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Trusted Computing Base. The programs (more technically, objects and processes) that are trusted to do what they are supposed to do (and only what they are supposed to do), and that would put the system at risk if compromised. On traditional Unix systems, any program run by root is part of the TCB (whether or not you should be trusting it). That's because traditional Unix is a DAC (Discretionary Access Control) system, but "root" is allowed to bypass all controls.

MAC (Mandatory Access Control) systems don't necessarily allow a user like root that can bypass anything. However, because it is difficult to administer a system without an overall administrator with great privilege, MAC systems tend to concentrate on specific areas where power is limited. For example, Windows systems have the concept of ownership where not even the administrator can necessarily access a file owned by someone else. The administrator can take ownership for itself, but that's a one way trap door: once taken, the administrator can't give it back.

In the Linux world, SELinux is a MAC system. It is imported to understand that a MAC system doesn't necessarily mean "trusted". From the SELinux FAQ:

The phrase "Trusted Operating System" generally refers to an
operating system that provides sufficient support for multilevel
security and evidence of correctness to meet a particular set of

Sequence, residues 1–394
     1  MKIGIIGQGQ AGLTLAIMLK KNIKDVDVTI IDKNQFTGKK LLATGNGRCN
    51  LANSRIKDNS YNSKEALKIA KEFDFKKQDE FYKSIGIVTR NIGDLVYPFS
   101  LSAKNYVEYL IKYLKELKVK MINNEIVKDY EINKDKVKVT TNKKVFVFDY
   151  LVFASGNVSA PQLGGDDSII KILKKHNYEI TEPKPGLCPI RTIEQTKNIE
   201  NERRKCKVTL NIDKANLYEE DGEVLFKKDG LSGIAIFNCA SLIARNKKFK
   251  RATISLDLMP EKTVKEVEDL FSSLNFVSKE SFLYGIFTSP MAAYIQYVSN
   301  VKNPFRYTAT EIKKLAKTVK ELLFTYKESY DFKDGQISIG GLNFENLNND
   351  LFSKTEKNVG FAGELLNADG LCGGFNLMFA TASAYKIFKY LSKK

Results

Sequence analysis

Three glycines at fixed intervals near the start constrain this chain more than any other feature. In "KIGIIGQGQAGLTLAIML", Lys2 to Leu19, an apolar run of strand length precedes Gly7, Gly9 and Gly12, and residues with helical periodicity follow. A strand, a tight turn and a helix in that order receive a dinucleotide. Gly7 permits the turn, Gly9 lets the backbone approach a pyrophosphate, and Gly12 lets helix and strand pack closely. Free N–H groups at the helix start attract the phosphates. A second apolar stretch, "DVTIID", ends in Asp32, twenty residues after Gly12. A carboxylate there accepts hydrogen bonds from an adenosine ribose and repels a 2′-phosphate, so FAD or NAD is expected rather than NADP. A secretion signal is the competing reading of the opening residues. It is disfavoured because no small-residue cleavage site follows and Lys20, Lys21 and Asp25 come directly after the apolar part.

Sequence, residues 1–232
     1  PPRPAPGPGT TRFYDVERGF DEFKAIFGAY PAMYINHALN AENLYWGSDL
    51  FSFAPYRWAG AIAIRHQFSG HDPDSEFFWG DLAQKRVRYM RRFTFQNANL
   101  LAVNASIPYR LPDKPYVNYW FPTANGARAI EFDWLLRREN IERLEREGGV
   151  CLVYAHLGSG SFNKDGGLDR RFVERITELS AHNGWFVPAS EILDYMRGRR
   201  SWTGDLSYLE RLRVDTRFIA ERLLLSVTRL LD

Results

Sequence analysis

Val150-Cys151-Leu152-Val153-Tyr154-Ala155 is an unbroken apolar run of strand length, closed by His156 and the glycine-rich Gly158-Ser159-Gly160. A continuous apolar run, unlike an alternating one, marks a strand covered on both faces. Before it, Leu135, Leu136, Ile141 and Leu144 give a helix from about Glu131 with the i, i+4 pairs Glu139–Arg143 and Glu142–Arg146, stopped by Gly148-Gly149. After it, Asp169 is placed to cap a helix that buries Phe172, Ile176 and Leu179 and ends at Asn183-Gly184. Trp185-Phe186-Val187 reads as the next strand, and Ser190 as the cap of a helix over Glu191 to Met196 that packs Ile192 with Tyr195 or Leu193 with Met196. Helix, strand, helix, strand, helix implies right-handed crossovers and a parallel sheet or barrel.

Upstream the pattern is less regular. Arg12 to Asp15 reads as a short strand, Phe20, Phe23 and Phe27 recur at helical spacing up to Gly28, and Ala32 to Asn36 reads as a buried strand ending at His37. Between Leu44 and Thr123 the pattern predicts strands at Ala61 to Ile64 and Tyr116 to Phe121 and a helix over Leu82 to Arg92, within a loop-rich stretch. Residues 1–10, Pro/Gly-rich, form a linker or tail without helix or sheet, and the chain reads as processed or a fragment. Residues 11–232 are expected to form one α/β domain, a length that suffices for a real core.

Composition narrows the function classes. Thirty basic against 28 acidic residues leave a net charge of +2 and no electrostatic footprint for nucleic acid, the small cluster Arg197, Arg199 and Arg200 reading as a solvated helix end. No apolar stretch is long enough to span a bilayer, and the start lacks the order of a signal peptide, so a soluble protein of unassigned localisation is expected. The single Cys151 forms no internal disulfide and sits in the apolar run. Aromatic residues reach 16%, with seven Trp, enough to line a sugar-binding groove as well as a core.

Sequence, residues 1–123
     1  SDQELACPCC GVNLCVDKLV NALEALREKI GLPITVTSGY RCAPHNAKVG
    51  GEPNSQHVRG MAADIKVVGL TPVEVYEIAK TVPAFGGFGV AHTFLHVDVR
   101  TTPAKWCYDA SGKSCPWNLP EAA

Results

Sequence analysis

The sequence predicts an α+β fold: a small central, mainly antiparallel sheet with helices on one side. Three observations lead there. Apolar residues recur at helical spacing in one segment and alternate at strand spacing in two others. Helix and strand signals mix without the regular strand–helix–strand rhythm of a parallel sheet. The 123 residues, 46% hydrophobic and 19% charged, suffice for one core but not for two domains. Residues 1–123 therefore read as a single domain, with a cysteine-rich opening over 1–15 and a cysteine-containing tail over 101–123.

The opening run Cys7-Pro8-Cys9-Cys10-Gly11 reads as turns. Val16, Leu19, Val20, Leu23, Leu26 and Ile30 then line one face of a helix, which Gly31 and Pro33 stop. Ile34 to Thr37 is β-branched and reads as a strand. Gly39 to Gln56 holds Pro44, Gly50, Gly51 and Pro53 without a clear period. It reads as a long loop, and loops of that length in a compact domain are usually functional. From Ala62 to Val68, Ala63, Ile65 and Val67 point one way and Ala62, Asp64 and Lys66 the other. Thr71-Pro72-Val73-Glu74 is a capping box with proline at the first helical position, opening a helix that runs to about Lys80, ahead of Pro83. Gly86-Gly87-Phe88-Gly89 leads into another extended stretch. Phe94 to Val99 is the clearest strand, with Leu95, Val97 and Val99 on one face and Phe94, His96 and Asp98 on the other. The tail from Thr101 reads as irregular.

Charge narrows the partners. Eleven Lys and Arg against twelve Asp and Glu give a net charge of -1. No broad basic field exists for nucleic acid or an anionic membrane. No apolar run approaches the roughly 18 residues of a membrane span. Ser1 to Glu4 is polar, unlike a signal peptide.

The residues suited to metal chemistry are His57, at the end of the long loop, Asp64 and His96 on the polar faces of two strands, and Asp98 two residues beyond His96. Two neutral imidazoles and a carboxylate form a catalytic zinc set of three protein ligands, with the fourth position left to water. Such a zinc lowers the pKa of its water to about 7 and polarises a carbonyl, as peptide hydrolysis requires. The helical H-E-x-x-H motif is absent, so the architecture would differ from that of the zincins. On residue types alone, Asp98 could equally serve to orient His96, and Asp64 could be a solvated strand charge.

government requirements. Security-enhanced Linux incorporates useful
ideas from these systems but focuses upon mandatory access controls.
It is expected that this work would be combined with other efforts
(e.g., auditing and documentation) to construct a "trusted" system.
The initial focus of Security-enhanced Linux development has been
to create useful functionality that delivers tangible protection
benefits in a wide range of real-world environments in order to
demonstrate the technology.

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© Tony Lawrence

---December 20, 2004

Well I think that in NSA/Government terms the "trusted operating system" is something that mets bueacratic criteria. That's with the documentation and stuff like that means.

Also SELinux isn't a operating system anyways. It's just a kernel with patches and some extra programs needed to support MAC. The "linux isn't a operating system, it's a kernel" type thing.

Currently Fedora Core3 supports SELinux by default. They don't go with very invasive rule set, only convenent proccesses that are exposed to networks or the internet get put under the default ruleset. However they have other rulesets that are more agressive you can use if you realy want to them, makes for a awkward desktop OS, though. Fedora Core2 had support for SElinux, but had a strong ruleset and you had to enable it at install time thru a boot arguement.


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